Chattanooga's first anti-violence call-in meeting a success, expert says

Chattanooga's first anti-violence call-in meeting a success, expert says

March 21st, 2014 by Beth Burger in Local - Breaking News

Young men leaned forward in their chairs. They listened as prosecutors, police, outreach workers, city leaders made a plea to them: Put down your guns.

About 25 men, all on probation, gathered Thursday night to hear that help is available to them if they want it. The men were called into the meeting, held as the first step in Chattanooga's Violence Reduction Initiative aimed at reducing gun violence in the city.

"This was the best first one I've ever seen, and in a lot of ways it was the best I've ever seen," said David Kennedy, a criminologist from John Jay School of Criminal Justice in New York, whose crime model, called the Violence Reduction Initiative, is being emulated in Chattanooga. "There was something special that came together."

Kennedy began doing "call-in" meetings in 1996 in an effort to reach those who were connected to violence. Varying degrees of success have occurred in other cities across the country that have followed Kennedy's model.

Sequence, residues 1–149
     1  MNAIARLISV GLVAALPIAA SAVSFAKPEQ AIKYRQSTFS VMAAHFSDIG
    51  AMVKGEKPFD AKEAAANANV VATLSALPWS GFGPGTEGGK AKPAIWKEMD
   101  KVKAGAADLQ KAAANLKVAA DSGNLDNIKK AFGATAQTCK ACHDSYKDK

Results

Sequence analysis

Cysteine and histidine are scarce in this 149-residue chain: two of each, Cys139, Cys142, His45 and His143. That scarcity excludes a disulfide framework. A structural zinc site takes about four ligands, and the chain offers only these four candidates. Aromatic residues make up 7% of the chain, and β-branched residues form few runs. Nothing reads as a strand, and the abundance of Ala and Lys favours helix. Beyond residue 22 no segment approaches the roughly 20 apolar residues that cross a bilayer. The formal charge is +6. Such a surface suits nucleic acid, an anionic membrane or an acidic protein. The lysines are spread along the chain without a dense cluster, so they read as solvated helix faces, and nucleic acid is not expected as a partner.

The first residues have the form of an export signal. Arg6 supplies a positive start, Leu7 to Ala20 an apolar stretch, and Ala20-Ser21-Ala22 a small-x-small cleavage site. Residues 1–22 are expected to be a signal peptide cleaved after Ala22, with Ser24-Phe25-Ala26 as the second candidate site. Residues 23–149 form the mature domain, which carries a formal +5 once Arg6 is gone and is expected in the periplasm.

Kennedy has been in Chattanooga to help roll out the Violence Reduction Initiative this week.

He always makes a point of observing those invited to the meeting.

"I watch their expressions, their body language, their attitudes, and I had never ever seen every seen every single one of them receptive open and paying attention from the the very beginning," he said of last night's group of young men.

"The got it from the moment they sat down. Every single one of them stayed when they were free to go. They talked to the mayor. They talked to the police. They talked to the prosecutors. Some of them are still in there. It was just extraordinary," he said.

Normally the people invited to the meeting - typically young men - are sometimes hostile.

"They are pretending they don't care. They give off this withdrawn, passive aggressive attitude," he said.

There was none of that during the meeting Thursday night. Some even wept.

"They clearly knew they were being treated with respect," he said.